Atmospheric Aerosols

Aerosols are tiny particles that are capable of suspending in the atmosphere. Most come from natural means such as dust storms, volcanoes, fires, or even vegetation and sea spray (sea salt released into the atmosphere). Human activity also contributes aerosol pollution through the alteration of natural surface cover, industrial pollutants, and the burning of fossil fuels.

Atmospheric Aerosols
Aerosol Particulate Sources

There are natural aerosols and aerosol pollutants. Combined, the total amount, and type, of aerosols affect the amount of atmospheric forcing imposed inside the climate system. This is because some aerosols help reflect sunlight back out into space. This reduces the amount of solar energy reaching the earth’s surface. To calculate total warming and cooling potentials, the total effect of aerosols and greenhouse gases (GHG’s) needs to be calculated.

Atmospheric aerosol pollution, mixed with natural aerosols in the context of human caused global warming presents some interesting and extremely important challenges for consideration. Industrial aerosol pollution is contributing to negative climate forcing. That means that if the pollution becomes too detrimental to human health and we stop that pollution, we will warm even faster.

Accurate atmospheric measurement of human-emitted greenhouse gases, such as carbon dioxide, methane, nitrous oxide, and the chlorofluorocarbons, have been made for decades. These greenhouse gases tend to build up fairly uniformly in the atmosphere, so the global buildup is straightforward to measure and well documented.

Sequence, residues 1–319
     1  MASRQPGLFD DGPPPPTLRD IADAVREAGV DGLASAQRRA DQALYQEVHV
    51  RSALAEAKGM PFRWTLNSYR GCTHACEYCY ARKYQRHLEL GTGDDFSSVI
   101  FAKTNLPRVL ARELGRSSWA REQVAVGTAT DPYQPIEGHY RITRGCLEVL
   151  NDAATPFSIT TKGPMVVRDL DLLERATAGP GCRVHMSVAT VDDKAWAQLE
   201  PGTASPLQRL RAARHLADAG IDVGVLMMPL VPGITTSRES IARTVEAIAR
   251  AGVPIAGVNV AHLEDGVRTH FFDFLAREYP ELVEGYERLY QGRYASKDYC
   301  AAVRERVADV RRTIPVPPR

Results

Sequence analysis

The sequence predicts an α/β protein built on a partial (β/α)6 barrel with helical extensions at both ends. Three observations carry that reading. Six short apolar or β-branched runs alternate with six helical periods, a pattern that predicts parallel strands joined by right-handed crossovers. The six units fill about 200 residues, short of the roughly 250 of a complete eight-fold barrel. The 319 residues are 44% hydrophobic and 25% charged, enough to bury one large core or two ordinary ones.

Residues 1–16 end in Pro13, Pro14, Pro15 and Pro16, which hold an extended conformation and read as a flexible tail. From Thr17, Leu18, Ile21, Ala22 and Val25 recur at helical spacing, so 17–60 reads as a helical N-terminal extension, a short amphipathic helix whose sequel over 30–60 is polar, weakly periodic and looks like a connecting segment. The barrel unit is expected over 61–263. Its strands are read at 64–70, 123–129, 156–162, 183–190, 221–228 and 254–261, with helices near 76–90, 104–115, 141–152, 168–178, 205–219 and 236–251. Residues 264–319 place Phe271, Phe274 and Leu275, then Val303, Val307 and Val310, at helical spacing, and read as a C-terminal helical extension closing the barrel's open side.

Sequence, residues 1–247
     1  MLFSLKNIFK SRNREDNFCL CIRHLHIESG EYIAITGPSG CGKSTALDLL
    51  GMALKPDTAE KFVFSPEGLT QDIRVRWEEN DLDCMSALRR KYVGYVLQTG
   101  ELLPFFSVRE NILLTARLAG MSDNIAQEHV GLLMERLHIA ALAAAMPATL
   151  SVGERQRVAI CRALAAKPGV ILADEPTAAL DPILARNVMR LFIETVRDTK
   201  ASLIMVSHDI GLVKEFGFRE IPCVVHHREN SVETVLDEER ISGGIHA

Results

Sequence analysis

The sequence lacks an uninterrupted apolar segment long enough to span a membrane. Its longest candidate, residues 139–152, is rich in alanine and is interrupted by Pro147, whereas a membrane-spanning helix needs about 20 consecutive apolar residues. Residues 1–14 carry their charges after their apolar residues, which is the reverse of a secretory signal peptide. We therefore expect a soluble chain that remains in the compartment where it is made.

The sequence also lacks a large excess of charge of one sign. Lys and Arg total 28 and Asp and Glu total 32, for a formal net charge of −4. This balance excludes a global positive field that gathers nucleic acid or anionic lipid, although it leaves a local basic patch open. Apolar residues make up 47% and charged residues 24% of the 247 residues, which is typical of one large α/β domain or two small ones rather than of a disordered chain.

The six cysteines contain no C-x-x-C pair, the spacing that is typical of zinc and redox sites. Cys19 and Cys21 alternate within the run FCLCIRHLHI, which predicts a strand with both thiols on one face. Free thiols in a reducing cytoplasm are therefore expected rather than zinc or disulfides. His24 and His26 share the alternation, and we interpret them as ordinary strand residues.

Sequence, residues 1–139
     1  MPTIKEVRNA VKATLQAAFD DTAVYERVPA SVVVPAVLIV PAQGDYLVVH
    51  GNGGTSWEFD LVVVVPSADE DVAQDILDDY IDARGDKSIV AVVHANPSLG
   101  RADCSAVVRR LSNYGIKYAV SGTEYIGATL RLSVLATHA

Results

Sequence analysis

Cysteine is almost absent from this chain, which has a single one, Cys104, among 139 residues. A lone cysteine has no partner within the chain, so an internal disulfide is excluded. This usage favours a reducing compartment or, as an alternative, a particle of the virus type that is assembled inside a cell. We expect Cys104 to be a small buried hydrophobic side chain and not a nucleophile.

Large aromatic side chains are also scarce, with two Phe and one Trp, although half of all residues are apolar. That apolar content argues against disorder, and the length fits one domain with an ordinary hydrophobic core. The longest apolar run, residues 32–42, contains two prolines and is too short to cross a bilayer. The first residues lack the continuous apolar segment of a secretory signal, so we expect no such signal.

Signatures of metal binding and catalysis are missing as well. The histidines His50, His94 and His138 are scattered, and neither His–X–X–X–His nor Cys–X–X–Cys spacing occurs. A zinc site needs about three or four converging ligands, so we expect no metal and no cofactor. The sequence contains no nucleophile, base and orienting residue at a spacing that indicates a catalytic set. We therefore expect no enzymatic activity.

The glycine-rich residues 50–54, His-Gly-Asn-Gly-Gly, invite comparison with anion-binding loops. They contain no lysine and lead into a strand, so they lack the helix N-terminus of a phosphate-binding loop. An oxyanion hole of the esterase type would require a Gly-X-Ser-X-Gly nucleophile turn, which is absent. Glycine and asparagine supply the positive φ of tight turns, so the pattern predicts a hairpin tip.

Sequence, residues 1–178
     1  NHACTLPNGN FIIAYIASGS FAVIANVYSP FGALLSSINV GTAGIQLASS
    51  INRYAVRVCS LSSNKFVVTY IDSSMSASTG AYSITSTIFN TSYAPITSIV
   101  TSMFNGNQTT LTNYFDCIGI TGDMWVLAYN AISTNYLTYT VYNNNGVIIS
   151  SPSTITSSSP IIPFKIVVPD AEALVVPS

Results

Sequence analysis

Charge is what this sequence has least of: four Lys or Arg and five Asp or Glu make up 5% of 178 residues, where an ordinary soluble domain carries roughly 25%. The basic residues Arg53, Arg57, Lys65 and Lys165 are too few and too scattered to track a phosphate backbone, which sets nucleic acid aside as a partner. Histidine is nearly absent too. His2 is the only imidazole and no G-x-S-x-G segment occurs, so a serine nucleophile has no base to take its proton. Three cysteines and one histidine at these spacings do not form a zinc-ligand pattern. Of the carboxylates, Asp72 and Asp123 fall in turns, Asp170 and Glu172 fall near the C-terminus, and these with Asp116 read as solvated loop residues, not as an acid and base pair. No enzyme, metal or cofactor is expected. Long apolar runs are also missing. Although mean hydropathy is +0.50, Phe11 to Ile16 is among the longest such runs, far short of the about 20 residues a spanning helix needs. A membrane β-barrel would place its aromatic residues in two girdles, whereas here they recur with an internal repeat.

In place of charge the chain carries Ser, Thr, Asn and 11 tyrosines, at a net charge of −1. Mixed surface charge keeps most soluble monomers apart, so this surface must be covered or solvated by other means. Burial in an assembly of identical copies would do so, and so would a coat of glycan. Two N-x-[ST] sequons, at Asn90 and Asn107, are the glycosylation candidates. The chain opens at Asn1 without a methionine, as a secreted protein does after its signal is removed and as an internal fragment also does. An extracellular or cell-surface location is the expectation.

It is more challenging to measure the impact of aerosols, because they rain or settle out of the atmosphere within a few days, so don’t build up uniformly.  Aerosols of human origin are often concentrated downwind of urban centers. Still, it’s clear from the available evidence that humans have caused an increase in aerosols globally.  Overall, the evidence suggests that the aerosol buildup is causing a net cooling both because aerosols reflect incoming sunlight back to space (a direct effect) and because they “seed” cloud droplets, causing clouds to become brighter and more reflective (an indirect effect).

Current: The net current effect, within the error bars, calculated on the mean (average center) the formula looks like this. From thermal equilibrium (radiative forcing relatively zero including natural variation) for the past 10,000 years (Holocene), since the beginning of the Industrial age, the earth climate system is currently estimated to be 3.6 W/m2 positively charged (GHG’s, and -2.0 W/m2 negatively charged (aerosols). Thus the total system is estimated to me 1.6 W/m2 positively charged.

The warming that would have occurred from the greenhouse gas buildup has therefore been substantially offset by a cooling from aerosols. But mainly because of uncertainty in the aerosol effect, the overall net forcing is quite uncertain, but still indicated to be positive.  Looking further into the future, the effect of greenhouse gases will almost certainly eventually overwhelm the aerosol effect because the greenhouse gases have lifetimes of decades to millennia, while aerosols have lifetimes of days to weeks. Even with steady emissions, the greenhouse gases will continue to buildup in the atmosphere, while the aerosol amounts would stay unchanged.

There are also strong reasons to reduce aerosol pollution, which is associated with health problems and reduced atmospheric visibility.  Sulfate aerosols from coal burning lead to acid rain.  Reducing aerosol pollution may unleash additional warming, however, so it’s a very complex issue.



RealClimate Aerosols: